For instance, several public companies operate in the Sudan region, which is under sanctions for human rights violations. Such companies include Petrochina Company, the largest oil producer in China. PTR’s parent, China National Petroleum Corporation, helps the Sudanese explore and develop energy reserves.

Tactic to establish a Canadian non-oil sands SRI ETF portfolio

Jantzi (XEN)
Short (CLO) 20%
Jantzi Social Index (XEN)iShares Oil Sands (CLO)S&P/TSX 60 (XIU)
3 month5.06%3.70%-6.94%3.21%
1 year11.55%8.54%-15.70%6.56%
3 year4.95%4.10%-7.28%3.85%
5 year2.62%1.80%-9.39%1.32%
Risk16.87%23.65%36.07%23.74%

Socially responsible ETFs in North America

Socially Responsible ETFsSymbolMERLocation
iShares Jantzi Social IndexXEN0.55%Canada
iShares KLD 400 Social IndexDSI0.50%U.S.
iShares KLD Social Select IndexKLD0.50%U.S.
PAX MSCI EAFE ESGEAPS0.55%U.S.
PAX MSCI North AmericaNASI0.50%U.S.
Huntington Ecological StrategyHECO0.95%U.S.
Guggenheim SolarTAN0.65%U.S.
Powershares CleantechPZD0.67%U.S.
Powershares WilderHill Clean EnergyPBW0.70%U.S.
Powershares WilderHill Progressive Clean EnergyPUW0.71%U.S.
AdvisorShare Global EchoGIVE1.70%U.S.

Tactic to establish a Canadian non-oil sands SRI ETF portfolio

Jantzi (XEN)
Short (CLO) 20%
Jantzi Social Index (XEN)iShares Oil Sands (CLO)S&P/TSX 60 (XIU)
3 month5.06%3.70%-6.94%3.21%
1 year11.55%8.54%-15.70%6.56%
3 year4.95%4.10%-7.28%3.85%
5 year2.62%1.80%-9.39%1.32%
Risk16.87%23.65%36.07%23.74%

A glossary of ETF terms

Underlying securities: Certain types of securities issued by corporations.

Net asset value (NAV): In mutual funds, the market value of a fund share; synonymous with bid price. NAV is calculated after the close of exchanges each day by taking the closing market value of all securities owned plus all other assets like cash, subtracting all liabilities, and then dividing the result by the number of shares outstanding — this last number can vary, depending on purchases and redemptions. This definition is specific to mutual funds.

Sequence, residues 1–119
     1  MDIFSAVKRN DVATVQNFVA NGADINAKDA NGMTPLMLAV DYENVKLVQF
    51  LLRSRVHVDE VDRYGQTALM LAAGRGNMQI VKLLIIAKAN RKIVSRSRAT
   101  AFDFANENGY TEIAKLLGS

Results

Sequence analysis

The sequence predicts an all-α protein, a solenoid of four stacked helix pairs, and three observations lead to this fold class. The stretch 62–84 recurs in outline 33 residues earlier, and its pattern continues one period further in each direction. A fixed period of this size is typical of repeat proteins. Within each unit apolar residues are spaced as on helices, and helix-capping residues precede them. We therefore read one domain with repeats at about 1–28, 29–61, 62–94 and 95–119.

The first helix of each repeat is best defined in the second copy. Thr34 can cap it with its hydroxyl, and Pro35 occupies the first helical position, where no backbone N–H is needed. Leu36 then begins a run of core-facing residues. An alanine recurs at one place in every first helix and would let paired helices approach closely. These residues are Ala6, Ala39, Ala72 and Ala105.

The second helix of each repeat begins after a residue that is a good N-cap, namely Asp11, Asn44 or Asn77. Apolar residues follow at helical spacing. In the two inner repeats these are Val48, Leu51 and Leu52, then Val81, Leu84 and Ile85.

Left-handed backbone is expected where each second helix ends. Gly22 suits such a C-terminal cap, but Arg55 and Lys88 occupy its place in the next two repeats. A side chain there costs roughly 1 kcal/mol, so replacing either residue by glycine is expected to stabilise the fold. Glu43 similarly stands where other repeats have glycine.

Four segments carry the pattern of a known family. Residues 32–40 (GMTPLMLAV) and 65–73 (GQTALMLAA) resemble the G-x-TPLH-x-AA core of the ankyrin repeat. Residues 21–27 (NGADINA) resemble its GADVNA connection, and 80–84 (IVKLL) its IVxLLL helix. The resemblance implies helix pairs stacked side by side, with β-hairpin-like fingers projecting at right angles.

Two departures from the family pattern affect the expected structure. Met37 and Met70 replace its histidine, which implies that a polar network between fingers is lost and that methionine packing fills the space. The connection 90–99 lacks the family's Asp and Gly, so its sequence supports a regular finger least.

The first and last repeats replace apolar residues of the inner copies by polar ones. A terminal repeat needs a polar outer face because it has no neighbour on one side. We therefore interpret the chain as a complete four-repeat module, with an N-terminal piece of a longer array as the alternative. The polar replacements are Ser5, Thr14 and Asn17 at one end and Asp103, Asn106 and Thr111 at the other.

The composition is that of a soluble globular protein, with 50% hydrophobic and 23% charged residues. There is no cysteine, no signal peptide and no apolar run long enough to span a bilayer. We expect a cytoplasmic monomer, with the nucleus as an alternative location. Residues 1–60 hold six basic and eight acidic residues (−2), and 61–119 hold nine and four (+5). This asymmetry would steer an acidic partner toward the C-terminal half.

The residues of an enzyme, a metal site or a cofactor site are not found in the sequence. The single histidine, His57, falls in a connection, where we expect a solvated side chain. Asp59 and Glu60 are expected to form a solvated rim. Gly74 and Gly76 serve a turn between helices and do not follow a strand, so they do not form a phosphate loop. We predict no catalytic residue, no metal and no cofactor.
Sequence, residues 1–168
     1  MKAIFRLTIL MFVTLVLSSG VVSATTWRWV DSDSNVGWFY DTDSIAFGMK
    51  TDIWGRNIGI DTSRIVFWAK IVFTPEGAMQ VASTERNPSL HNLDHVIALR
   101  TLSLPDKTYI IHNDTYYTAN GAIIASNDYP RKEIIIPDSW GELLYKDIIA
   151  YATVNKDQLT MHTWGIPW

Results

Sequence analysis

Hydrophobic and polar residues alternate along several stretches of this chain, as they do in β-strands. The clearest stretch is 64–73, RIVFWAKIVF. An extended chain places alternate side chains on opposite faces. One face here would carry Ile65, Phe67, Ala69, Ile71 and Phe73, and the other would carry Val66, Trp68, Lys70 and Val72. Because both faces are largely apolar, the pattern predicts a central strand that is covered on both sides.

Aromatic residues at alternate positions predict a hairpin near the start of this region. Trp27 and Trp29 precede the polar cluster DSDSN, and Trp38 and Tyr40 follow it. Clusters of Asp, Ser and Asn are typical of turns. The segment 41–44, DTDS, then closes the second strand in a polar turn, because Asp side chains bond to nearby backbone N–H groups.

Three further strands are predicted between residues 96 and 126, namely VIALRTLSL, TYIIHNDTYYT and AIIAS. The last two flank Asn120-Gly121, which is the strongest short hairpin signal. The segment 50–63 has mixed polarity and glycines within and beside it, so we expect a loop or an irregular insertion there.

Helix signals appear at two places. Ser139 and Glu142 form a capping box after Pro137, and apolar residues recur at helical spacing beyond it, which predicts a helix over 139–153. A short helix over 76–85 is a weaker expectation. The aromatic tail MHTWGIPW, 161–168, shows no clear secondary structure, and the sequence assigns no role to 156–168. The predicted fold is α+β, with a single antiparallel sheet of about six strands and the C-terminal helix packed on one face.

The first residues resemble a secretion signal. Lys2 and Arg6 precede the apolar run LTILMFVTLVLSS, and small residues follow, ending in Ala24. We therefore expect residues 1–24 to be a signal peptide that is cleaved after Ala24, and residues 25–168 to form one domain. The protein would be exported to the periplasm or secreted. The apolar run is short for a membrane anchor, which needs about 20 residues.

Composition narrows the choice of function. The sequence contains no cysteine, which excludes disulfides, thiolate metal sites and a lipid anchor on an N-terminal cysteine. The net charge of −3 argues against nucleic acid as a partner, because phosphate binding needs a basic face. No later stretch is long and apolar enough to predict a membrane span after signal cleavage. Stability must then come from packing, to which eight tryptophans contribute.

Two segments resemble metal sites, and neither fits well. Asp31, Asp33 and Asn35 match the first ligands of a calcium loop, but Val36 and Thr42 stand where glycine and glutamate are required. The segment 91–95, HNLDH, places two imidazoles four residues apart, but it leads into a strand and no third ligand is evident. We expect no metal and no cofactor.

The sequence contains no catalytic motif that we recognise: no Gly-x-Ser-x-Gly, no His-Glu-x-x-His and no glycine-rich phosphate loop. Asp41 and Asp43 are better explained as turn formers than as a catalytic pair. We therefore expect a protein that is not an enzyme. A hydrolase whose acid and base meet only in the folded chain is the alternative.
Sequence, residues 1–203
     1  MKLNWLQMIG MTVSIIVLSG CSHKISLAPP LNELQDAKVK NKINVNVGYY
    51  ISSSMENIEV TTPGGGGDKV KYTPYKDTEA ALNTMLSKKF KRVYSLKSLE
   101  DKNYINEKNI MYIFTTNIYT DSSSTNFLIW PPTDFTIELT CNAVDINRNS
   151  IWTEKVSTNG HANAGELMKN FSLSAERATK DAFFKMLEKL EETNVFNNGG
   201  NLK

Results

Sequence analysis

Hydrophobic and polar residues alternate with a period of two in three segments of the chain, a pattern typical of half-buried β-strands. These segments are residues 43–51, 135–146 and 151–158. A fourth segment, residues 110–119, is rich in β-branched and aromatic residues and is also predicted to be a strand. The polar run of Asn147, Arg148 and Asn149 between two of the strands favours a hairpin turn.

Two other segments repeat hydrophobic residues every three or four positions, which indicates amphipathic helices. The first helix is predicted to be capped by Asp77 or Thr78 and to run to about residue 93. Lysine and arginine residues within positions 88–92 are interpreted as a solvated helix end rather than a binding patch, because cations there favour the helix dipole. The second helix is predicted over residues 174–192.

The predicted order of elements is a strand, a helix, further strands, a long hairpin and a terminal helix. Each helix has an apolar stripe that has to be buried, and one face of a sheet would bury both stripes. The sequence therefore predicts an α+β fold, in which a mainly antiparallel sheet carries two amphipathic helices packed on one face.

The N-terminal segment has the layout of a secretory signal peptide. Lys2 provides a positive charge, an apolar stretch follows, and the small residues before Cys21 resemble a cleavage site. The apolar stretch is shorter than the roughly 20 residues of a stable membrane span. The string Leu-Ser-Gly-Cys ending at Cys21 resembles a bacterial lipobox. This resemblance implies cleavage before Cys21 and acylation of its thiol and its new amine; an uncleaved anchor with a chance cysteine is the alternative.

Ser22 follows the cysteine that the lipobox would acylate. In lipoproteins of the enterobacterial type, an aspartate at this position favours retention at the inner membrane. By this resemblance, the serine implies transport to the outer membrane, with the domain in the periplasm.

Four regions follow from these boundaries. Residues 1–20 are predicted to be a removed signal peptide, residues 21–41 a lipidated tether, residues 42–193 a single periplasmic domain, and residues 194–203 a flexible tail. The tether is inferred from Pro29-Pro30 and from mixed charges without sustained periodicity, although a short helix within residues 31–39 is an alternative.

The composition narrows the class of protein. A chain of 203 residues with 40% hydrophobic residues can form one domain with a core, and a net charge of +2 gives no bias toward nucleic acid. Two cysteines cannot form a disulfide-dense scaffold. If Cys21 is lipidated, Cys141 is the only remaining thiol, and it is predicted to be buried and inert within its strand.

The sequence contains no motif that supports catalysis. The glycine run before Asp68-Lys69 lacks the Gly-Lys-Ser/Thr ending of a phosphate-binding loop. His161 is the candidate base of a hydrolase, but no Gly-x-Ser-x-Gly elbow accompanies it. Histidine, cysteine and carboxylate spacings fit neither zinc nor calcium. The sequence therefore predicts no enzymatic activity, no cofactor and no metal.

Market price: Last reported price at which a fund was sold on the market. For any inactively traded security, evaluators have to determine a market price if needed. For ETFs, market makers look at the last prices and the depth of all securities in the basket of the fund to calculate its price.

Intraday value: Stocks can reach high or low prices, and then change value again, within the trading day. An ETF’s intraday value is its estimated fair value based on the most recent highest and lowest same-day price of its underlying assets. It is used to gauge the fund’s current market price against an intraday NAV estimate.

Bid-offer spread: The difference between a fund’s bid and offer prices. The two prices together comprise a quotation. For instance, if an ETF is trading at $15.30, market makers will set the spread at $15.29-to-$15.31 to show its highest bid and lowest offer. This is also know as the bid-ask spread.

Sources: Barron’s Dictionary of Finance and Investment Terms, Fifth edition; ProShares.com.

Mark Yamada is president and CEO of PUR Investing Inc., a portfolio manager specializing in disruptive strategies for investors, their advisors and pension plans. PUR is a registered portfolio manager.